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It is only a T if a player obstructs the vision or waves their hand in the face of a non-ballhandler. (Where did I come up with that word!) I actually had that happen the first year the rule was put in. We had it at the rules meeting and boom... the second game in a girl did it. I went with a T and had to explain to the player and the coach. I see defenders holding their hands in front of the dribbler's face all of the time. Legal play under the current rule 10-8d.
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Old Mon Mar 03, 2003, 11:59am
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Curious.
Was this rule (T for obstructing non-ballhandler's vision) put in for safety reasons? I'm having a hard time seeing this as unsporting, from my personal perspective.

SNAQS
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Old Mon Mar 03, 2003, 12:16pm
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Quote:
Originally posted by Snaqwells
I'm having a hard time seeing this as unsporting, from my personal perspective.

SNAQS
Snaqs,
That's because of your opponents hands being in your face.

Picture a big defender behind a little guy with his hands in front of the little guys eyes.
Picture a little defender fronting and facing a big guy with his hands in front of the big guys face.
In neither case is the defender playing the ball. In both cases the defender is merely being aggravating.
This looks unsporting to me.
mick
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Old Mon Mar 03, 2003, 03:56pm
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Quote:
Originally posted by mick
In neither case is the defender playing the ball. In both cases the defender is merely being aggravating.
This looks unsporting to me.
Then why isn't it unsporting to yell in the shooter's ear when the defender's been beaten?

Chuck
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Old Mon Mar 03, 2003, 04:05pm
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Quote:
Originally posted by ChuckElias
Quote:
Originally posted by mick
In neither case is the defender playing the ball. In both cases the defender is merely being aggravating.
This looks unsporting to me.
Then why isn't it unsporting to yell in the shooter's ear when the defender's been beaten?

Chuck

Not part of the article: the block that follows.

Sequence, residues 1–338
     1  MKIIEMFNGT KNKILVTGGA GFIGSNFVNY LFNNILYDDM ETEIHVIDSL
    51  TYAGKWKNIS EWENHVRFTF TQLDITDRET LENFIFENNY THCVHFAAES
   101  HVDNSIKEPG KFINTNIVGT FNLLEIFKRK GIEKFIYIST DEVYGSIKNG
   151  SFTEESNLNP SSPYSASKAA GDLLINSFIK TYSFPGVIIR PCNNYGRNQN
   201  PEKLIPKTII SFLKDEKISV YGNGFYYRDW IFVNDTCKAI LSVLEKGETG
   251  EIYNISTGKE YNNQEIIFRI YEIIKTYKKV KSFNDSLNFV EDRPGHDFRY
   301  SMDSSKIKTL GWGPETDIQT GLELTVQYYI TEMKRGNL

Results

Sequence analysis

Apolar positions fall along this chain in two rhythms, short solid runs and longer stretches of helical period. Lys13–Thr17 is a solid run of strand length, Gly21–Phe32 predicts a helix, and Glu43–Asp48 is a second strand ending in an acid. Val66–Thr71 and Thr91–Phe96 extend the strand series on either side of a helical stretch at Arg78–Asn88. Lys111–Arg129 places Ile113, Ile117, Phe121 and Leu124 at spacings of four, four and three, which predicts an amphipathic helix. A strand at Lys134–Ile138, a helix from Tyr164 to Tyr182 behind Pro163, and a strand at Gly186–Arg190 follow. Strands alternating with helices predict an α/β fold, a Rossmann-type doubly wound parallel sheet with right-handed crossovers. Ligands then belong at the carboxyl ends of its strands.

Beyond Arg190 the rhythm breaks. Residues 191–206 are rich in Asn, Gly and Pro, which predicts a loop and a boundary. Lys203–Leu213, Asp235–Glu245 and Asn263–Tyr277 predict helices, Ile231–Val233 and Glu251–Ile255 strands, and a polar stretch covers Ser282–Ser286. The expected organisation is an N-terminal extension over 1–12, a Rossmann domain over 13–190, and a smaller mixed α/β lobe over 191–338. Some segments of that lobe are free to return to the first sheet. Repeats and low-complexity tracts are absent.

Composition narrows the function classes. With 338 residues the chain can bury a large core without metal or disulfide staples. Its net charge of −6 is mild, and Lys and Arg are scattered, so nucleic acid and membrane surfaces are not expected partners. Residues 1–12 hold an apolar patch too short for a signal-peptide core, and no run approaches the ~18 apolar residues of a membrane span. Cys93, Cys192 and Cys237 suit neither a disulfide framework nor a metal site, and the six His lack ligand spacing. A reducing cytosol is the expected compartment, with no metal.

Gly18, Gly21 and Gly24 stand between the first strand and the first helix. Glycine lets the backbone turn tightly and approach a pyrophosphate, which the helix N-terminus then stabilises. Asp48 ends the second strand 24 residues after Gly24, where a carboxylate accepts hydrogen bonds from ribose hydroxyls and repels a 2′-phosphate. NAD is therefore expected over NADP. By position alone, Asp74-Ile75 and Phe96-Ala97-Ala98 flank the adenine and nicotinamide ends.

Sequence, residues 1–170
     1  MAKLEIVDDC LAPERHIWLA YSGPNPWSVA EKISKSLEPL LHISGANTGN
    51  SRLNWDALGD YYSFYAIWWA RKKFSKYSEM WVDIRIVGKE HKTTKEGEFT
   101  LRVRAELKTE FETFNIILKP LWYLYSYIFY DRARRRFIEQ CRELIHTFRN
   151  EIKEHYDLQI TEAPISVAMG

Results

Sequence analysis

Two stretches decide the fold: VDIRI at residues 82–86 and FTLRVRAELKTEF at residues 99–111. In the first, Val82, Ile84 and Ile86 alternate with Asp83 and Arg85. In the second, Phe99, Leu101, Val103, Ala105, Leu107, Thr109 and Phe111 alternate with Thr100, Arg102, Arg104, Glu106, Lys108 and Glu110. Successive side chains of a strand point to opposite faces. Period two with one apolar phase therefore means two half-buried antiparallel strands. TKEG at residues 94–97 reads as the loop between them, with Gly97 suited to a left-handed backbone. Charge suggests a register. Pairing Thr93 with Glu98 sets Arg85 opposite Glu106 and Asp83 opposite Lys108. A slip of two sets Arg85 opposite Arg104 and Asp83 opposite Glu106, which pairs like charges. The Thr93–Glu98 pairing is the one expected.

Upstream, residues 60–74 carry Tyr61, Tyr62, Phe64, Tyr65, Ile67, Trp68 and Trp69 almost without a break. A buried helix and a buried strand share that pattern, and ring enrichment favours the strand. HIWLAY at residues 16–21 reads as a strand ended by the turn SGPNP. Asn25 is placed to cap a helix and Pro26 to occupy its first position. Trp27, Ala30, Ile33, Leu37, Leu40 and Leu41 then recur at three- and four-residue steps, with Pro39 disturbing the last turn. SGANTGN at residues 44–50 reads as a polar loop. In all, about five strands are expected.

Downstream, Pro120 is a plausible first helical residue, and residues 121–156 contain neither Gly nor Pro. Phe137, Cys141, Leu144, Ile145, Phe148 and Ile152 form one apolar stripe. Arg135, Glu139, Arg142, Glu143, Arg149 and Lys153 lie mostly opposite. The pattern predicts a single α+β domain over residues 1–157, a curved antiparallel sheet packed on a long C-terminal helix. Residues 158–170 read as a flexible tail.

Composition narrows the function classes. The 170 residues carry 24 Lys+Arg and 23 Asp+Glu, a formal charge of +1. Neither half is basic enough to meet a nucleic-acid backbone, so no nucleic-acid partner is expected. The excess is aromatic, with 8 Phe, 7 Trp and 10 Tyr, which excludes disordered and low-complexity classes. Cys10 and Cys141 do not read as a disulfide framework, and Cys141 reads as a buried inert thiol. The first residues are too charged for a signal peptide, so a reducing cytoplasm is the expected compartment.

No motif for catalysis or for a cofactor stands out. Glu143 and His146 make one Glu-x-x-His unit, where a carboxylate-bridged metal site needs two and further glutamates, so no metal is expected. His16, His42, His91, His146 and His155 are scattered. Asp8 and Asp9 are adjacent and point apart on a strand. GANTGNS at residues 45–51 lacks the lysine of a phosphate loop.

Uh, ...cuz there is no rule against it?
...And it doesn't bother me.
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Old Mon Mar 03, 2003, 04:26pm
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Quote:
Originally posted by ChuckElias
Quote:
Originally posted by mick
In neither case is the defender playing the ball. In both cases the defender is merely being aggravating.
This looks unsporting to me.
Then why isn't it unsporting to yell in the shooter's ear when the defender's been beaten?

Chuck
Good question. A personal pet peeve of mine. IMO, it is not a valid defensive strategy and has no place in the game. Unfortunately I don't make the rules.

Mregor
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Old Mon Mar 03, 2003, 05:33pm
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Quote:
Originally posted by Snaqwells
Curious.
Was this rule (T for obstructing non-ballhandler's vision) put in for safety reasons? I'm having a hard time seeing this as unsporting, from my personal perspective.

SNAQS
Safety? A2 without the ball, needs to see if the ball is heading inbound at full tilt, so that injury is avoided. It is unsportsmanlike to endanger another player. A1 with the ball doesn't have this concern, thus it is legal.
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Old Mon Mar 03, 2003, 07:07pm
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Quote:
Originally posted by mick
Uh, ...cuz there is no rule against it?
...And it doesn't bother me.
But it exactly fits the two criteria that you mentioned in the previous post. The defender is not playing the ball, and is merely being aggravating. So why is there a rule in one case and not in the other? That's my only point.

Chuck